There's been a lot of hullaballoo about the fiftieth anniversay of To Kill a Mockingbird, Harper Lee's masterwork and only work. Libraries around the country, including our own Houston Public Library, are celebrating the anniversary with special events. And well they should, for Mockingbird is certainly a significant book in the literary history of this country.
It may not be a great book by strictly objective literary standards, but it is great in its message of humaneness and humanity and in its moral weight. Lee's story of the summer when Jem broke his arm and all the things that led up to that moment in a small town in Alabama is a simple enough tale of children beginning to learn what the world is all about and losing their innocence, but it is also the story of an ordinary man's moral dilemma, how he faced that dilemma and did the right thing, even when it would have been so convenient and so much more comfortable to do the wrong thing.
As readers of the book or even viewers of the wonderful movie that was made from the book all know, the story is told from the viewpoint of the six-year-old girl, Scout Finch. Scout is not a ribbons and lace kind of Southern girl. She is feisty and tomboyish and given to speaking out and acting out. She is a challenge for her widowed father and for the housekeeper, Calpurnia, who has much of the day-to-day care of Scout and her brother Jem. In Lee's story, Scout begins to learn about unfairness in life, about racism, and pettiness and blind hatred. She also learns about honor and loyalty and courage and about not seeing people through the eyes of others but looking at them honestly and making up your own mind.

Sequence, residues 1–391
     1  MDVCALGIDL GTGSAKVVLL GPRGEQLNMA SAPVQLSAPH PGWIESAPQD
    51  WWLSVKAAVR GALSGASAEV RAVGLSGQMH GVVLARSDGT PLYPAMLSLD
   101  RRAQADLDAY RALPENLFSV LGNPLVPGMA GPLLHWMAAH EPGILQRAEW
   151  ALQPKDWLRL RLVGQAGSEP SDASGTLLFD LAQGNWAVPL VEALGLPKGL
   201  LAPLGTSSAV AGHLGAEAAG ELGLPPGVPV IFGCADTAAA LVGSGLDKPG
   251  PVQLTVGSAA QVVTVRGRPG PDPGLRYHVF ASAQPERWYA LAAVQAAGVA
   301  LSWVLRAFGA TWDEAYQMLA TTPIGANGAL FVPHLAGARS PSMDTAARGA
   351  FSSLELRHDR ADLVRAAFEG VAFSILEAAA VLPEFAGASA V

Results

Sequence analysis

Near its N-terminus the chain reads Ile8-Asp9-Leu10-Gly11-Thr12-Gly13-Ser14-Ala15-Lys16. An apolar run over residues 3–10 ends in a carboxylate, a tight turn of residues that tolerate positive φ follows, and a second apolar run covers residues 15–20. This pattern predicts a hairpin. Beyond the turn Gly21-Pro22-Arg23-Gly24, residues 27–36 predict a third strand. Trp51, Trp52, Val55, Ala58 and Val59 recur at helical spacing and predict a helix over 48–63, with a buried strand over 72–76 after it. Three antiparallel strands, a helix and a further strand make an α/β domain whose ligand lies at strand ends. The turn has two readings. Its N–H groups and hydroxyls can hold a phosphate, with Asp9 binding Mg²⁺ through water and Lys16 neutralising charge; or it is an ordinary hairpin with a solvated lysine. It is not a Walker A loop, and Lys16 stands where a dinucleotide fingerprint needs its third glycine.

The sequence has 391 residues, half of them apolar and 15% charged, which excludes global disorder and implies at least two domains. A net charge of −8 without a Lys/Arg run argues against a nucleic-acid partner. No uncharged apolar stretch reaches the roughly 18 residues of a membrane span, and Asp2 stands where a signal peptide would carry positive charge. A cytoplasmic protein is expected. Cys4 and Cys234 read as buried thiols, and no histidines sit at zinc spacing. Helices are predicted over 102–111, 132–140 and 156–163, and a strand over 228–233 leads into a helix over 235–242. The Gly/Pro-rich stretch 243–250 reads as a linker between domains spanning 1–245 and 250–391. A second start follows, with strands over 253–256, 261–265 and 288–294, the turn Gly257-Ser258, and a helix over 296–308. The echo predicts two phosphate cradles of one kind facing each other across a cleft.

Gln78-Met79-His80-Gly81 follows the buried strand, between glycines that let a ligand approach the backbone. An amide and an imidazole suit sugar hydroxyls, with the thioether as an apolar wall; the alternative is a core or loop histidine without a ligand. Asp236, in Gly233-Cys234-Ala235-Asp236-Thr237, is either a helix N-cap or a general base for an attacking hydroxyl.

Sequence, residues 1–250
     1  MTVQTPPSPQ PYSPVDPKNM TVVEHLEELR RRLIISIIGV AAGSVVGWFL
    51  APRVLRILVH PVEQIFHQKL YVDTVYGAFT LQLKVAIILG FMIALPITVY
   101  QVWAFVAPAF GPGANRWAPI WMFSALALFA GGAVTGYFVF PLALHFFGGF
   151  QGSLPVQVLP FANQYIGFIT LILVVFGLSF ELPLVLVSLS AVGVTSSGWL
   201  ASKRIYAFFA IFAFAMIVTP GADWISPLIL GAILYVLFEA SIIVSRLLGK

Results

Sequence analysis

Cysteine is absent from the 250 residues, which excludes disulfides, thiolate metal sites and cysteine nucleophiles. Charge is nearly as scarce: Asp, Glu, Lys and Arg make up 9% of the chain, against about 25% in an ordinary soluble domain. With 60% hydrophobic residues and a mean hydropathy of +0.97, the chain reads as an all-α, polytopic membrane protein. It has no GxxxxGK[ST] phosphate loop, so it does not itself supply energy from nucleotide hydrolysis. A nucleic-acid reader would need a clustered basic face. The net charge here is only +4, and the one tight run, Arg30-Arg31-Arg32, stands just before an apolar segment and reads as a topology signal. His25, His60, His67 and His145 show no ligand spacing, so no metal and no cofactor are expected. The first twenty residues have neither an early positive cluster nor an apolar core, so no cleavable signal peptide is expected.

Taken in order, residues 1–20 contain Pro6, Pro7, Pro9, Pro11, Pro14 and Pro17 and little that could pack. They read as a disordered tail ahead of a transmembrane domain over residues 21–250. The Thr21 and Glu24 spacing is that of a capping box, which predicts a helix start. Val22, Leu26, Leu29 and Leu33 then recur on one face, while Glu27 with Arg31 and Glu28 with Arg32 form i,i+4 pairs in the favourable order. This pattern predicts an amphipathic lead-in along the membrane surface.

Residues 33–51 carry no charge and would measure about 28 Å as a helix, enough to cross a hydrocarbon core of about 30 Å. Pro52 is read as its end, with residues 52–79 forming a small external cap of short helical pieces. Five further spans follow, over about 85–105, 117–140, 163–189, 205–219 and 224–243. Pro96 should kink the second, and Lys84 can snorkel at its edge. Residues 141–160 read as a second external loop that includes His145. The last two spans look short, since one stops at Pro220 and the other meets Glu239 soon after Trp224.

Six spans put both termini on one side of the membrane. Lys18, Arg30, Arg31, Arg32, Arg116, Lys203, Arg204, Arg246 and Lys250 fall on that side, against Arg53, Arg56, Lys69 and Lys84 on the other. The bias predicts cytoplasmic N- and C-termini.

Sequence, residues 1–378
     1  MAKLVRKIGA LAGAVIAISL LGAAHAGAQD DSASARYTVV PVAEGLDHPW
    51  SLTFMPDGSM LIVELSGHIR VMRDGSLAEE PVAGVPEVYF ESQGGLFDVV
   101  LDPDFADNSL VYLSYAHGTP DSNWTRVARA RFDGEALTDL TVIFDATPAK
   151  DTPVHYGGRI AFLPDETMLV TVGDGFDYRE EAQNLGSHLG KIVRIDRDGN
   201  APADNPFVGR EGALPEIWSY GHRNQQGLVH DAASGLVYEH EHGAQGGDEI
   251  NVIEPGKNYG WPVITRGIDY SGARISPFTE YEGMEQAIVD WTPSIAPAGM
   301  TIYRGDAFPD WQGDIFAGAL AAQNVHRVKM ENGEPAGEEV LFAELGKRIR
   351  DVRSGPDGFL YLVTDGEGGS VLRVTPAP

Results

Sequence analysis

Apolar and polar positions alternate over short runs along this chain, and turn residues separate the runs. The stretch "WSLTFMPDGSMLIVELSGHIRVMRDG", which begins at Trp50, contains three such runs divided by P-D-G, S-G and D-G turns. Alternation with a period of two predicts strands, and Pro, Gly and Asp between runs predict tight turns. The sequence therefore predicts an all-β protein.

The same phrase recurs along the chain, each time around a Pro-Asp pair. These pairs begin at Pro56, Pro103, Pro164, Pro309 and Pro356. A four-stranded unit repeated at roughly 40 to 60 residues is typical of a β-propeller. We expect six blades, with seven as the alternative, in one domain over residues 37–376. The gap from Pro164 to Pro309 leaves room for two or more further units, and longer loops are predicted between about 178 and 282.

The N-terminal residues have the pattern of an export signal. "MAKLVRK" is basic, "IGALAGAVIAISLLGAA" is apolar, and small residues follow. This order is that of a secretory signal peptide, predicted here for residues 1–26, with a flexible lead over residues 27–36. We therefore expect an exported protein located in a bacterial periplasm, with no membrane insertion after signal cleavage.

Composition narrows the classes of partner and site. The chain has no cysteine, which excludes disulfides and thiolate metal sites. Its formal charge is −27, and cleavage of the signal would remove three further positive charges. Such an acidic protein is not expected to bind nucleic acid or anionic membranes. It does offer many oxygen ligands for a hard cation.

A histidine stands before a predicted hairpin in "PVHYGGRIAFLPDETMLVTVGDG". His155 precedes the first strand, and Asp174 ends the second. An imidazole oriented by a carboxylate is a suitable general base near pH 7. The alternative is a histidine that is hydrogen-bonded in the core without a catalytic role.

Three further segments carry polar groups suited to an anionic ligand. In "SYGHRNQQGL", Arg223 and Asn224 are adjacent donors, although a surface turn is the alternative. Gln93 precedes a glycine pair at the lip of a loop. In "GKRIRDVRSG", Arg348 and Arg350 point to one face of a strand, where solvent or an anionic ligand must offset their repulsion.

Scout's father, Atticus Finch, a country lawyer, represents the moral center of the story. He is charged with the defense of an African-American man, Tom Robinson, who has been falsely accused of the rape of a white woman. Finch believes in the innocence of his client and throws himself into the effort to give him the best defense possible. He manages to stir the conscience of some of the people in his town, but in the end Robinson is convicted on very flimsy evidence. As Atticus plans for an appeal, Robinson is taken away to prison, but on the way there, he is killed "trying to escape." Atticus Finch and Robinson's family are devastated.
But life goes on. Scout and Jem and their friend Dill have what is, in many ways, an idyllic summer. They play together, have adventures, and discover a mystery next door, in a family named Radley. Their son, Arthur, is a recluse. He is shy and different, and, of course, that makes him fair game for outrageous speculation. But when Jem finds small gifts left in the hollow of a tree on the Radley's property, he begins to wonder about the gift-giver.
Jem is at the center of the emotional climax of the story when he breaks his arm defending himself and his sister from madman Bob Ewell on the night of the harvest festival. After breaking his arm and being left helpless, Jem is in turn defended by his anonymous friend, the giver of gifts in the hollow tree.
Arthur Radley, or "Boo" as the children know him, is a shy and emotionally immature man who had watched the children play and has watched over them. In their time of greatest peril, he comes to their rescue and kills the man who would have killed them. And to protect the fragile Boo Radley, the sheriff decides that justice will be best served by the verdict that "Bob Ewell fell on his knife, Mr. Finch!"
Thus, one lie - that Ewell's daughter was raped by Tom Robinson - is balanced with another lie - that Ewell "fell on his knife." That may be morally ambiguous but on some level, it is deeply satisfying.
Great literature should make us examine our beliefs and think about what is true and important and how to best achieve justice. To Kill a Mockingbird does all of that and so, in my humble opinion, it can be judged as great literature. Thank you, Harper Lee, and happy birthday, Mockingbird. May you always keep singing.